Interns weigh value of experience with financial needs

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CW/ Hannah Saad

Leah Goggins | @leahisonline, Staff Reporter

For anyone looking to lose 20 pounds in just a few months, Abba Mellon has the perfect, foolproof diet. There are just a few simple rules: drink vending machine coffee, eat nothing but tacos and churros and spend most of your day working at “the happiest place on earth.”

Mellon, a junior majoring in creative media and gender and media studies, worked at Walt Disney World during her fall semester. She was a part of the Disney College Program (DCP), a paid internship program that allows college students to work at Disney Parks in order to gain work experience and get a foot in the door with The Walt Disney Company.

DCP was an opportunity that Mellon had dreamed of for years, but found that it wasn’t all that glamorous. Rent for Mellon’s provided housing was deducted from her paychecks, and the work could be draining.

“The pay rate itself was good, but all things considered, I was not making enough money,” Mellon said. “I felt like I was just barely scraping by financially for most of the time that I was in Florida.”

In October, she sometimes worked more than 60 hours per week. The United States Internal Revenue Service defines a full-time employee as someone who works more than 30 hours per week.

Though Mellon said her work “could be brutal,” her time with DCP was beneficial and sometimes very lovely. During her time at Disney, Mellon worked in Be Our Guest Restaurant, a “Beauty and the Beast”-themed dining room located in the Magic Kingdom. Mellon worked as a multi-hyphenate food service worker, often pushing around a heavy cart and going without tips per Disney policy.

“I loved Be Our Guest, though,” Mellon said. “I got to make magic for so many families every day and I got to live out one of my favorite movies. I even had a backstory for how I fit into Beauty and the Beast. When the castle was cursed, I had been turned into a piano.”

Mellon isn’t the only UA student who has felt drained by the workload of an internship. Brianna Duncan, a sophomore majoring in news media, worked in Governor Kay Ivey’s press office during the summer of 2018.

Duncan’s internship was unpaid, so she also worked shifts at an Ulta Beauty store to make ends meet. “After working 40 hours in the Capital, I worked from 5:30 to 9:45 at Ulta,” Duncan said. “Then, I worked a six-hour to nine-hour shift Saturdays and Sundays, and my paycheck was still pretty low. I was so exhausted.”

The internship was beneficial, Duncan said, and she had opportunities to write and edit official posts and speeches for the governor’s office. But the biggest opportunity of all was the chance to have a meal with Ivey.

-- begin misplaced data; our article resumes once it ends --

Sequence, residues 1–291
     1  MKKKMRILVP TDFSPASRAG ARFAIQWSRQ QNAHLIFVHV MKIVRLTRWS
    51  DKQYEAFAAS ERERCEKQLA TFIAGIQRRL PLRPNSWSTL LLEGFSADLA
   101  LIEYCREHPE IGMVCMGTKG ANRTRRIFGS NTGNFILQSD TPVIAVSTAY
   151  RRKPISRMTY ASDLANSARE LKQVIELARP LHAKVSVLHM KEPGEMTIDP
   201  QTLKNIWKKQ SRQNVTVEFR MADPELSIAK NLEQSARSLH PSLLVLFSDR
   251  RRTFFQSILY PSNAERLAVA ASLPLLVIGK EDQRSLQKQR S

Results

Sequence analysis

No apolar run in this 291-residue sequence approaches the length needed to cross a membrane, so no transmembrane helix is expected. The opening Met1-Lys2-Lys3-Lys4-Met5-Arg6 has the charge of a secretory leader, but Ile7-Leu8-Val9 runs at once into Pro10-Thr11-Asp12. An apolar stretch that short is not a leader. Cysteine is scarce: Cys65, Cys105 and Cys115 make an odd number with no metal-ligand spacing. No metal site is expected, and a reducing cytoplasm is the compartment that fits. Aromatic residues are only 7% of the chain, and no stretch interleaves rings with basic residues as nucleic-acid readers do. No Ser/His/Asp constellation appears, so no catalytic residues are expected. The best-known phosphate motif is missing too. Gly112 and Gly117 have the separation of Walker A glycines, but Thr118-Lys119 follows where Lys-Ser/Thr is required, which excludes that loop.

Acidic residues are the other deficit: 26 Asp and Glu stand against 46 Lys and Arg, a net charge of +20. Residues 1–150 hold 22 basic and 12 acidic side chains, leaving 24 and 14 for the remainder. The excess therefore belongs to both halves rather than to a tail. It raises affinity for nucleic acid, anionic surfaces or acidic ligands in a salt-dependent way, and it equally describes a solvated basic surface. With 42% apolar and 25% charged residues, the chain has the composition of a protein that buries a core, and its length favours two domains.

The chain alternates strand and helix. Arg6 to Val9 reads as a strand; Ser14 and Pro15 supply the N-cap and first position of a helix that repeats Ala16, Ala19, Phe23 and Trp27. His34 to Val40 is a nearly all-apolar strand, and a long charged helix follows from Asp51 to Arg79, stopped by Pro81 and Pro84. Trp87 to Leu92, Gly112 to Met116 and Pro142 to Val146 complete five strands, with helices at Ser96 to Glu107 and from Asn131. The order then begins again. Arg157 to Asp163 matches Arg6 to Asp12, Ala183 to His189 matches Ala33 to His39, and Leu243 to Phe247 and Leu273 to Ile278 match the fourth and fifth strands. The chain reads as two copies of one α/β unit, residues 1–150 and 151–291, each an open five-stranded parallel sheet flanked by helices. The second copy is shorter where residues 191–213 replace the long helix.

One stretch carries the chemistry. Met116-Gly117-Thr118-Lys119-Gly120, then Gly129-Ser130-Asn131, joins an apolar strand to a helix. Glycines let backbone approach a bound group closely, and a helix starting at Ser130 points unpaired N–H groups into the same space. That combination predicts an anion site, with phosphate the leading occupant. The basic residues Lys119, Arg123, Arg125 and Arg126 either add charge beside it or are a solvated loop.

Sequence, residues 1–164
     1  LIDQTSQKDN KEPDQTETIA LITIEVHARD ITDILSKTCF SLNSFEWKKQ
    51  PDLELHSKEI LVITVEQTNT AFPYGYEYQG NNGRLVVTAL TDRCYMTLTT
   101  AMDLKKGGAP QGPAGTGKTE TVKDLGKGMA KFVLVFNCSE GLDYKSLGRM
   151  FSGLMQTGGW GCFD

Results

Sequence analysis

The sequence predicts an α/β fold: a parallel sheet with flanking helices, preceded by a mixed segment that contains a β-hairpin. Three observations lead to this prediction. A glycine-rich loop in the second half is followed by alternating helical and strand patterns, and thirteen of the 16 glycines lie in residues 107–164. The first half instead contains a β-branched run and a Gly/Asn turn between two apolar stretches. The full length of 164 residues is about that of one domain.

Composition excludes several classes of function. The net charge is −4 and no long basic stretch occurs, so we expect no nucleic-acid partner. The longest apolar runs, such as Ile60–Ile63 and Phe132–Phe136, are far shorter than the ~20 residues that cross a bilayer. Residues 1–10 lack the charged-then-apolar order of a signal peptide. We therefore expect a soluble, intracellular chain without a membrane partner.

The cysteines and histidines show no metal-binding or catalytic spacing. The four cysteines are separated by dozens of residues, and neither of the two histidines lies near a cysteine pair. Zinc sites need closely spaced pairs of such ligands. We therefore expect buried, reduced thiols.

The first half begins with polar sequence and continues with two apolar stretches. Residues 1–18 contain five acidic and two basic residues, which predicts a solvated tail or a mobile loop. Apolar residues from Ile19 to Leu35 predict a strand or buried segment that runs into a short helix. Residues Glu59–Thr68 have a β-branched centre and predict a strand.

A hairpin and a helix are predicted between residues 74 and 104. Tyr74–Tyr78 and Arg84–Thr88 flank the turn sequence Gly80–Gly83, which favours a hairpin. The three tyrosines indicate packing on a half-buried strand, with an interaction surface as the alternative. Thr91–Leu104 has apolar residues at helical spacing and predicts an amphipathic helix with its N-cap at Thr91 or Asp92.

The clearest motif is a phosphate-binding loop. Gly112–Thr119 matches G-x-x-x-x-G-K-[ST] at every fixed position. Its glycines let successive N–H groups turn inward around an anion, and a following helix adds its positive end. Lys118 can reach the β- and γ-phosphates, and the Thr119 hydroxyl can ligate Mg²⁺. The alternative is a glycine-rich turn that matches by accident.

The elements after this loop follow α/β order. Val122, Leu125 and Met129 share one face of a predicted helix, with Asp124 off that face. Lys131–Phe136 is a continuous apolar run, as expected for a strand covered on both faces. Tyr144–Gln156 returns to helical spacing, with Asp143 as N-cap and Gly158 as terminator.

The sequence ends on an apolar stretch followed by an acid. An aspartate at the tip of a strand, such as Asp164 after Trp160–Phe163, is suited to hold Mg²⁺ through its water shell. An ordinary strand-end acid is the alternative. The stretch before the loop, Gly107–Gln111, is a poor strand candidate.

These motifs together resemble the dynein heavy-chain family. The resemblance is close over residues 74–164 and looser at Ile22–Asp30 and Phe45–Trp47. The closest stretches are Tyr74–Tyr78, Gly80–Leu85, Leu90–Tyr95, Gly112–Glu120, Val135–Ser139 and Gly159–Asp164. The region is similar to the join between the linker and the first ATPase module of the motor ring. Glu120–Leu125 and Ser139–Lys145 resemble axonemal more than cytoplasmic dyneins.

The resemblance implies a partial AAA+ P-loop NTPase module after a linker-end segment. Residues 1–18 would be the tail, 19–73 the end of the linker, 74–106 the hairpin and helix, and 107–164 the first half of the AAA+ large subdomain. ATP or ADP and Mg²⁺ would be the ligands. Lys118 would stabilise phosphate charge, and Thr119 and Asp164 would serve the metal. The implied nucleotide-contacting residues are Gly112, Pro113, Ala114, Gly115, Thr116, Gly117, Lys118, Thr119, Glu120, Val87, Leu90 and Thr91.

“I feel like the experience could be priceless,” Duncan said of potentially considering another unpaid internship. “Meeting and having lunch with Governor Ivey was priceless.”

Other students are less willing to take a job that pays only in experience. Leah Suzor, a senior studying mechanical engineering, interned with Lockheed Martin over the summer. The internship was paid, and it led to a full-time job offer that Suzor will benefit from in June. When Suzor was applying for internships, she didn’t bother with those that were unpaid.

“Unpaid internships are set up in such a way that the only way you can work them is that you can afford to work without pay,” Suzor said. “This limits the amount of people that can work the internship, which then limits the amount of people who can gain that experience in the field. Unpaid internships are a way to keep poorer people out of the career in general.”

Lockheed Martin was Suzor’s second internship experience, having worked previously with the Student Conservation Association in Great Smoky Mountains National Park. That internship, too, was paid, and Suzor was even awarded a scholarship at the end of her tenure.

Julia Becker, a senior majoring in civil engineering and Spanish, agreed with Suzor. Her recent internship with McCarthy Building Companies was paid, and the excuses that companies use to ask students to work for free are “ridiculous,” Becker said.

“The reasoning behind [unpaid internships], that students are earning so much through the experience that they don’t need to be paid, is just an excuse for companies to save money,” Becker said. “If an internship is going to be unpaid, it should at least include a housing stipend because they put students in a really uncomfortable position.”

Becker’s internship was not only paid, but also boosted with a housing stipend, which allowed her to move to Arkansas, where McCarthy is based.

More and more companies are beginning to pay interns in money rather than pure experience, according to the National Association of Colleges and Employers. The percentage of interns who were paid rose by 5 percent from 2011 to 2017.

As for Mellon, she, too, holds out for paid work. “Unpaid internships are a sin and should be abolished,” Mellon said.

Though Mellon often felt overworked and underpaid while working with the DCP, it hasn’t soured her against Disney as a whole.

“I had so much fun and learned so much while working for Disney and I still love the company,” Mellon said. “I just think it’s important to be upfront and honest about the nitty gritty of the experience, especially since the DCP has a widely known social media reputation for being a ‘semester of playing at Disney for free!’”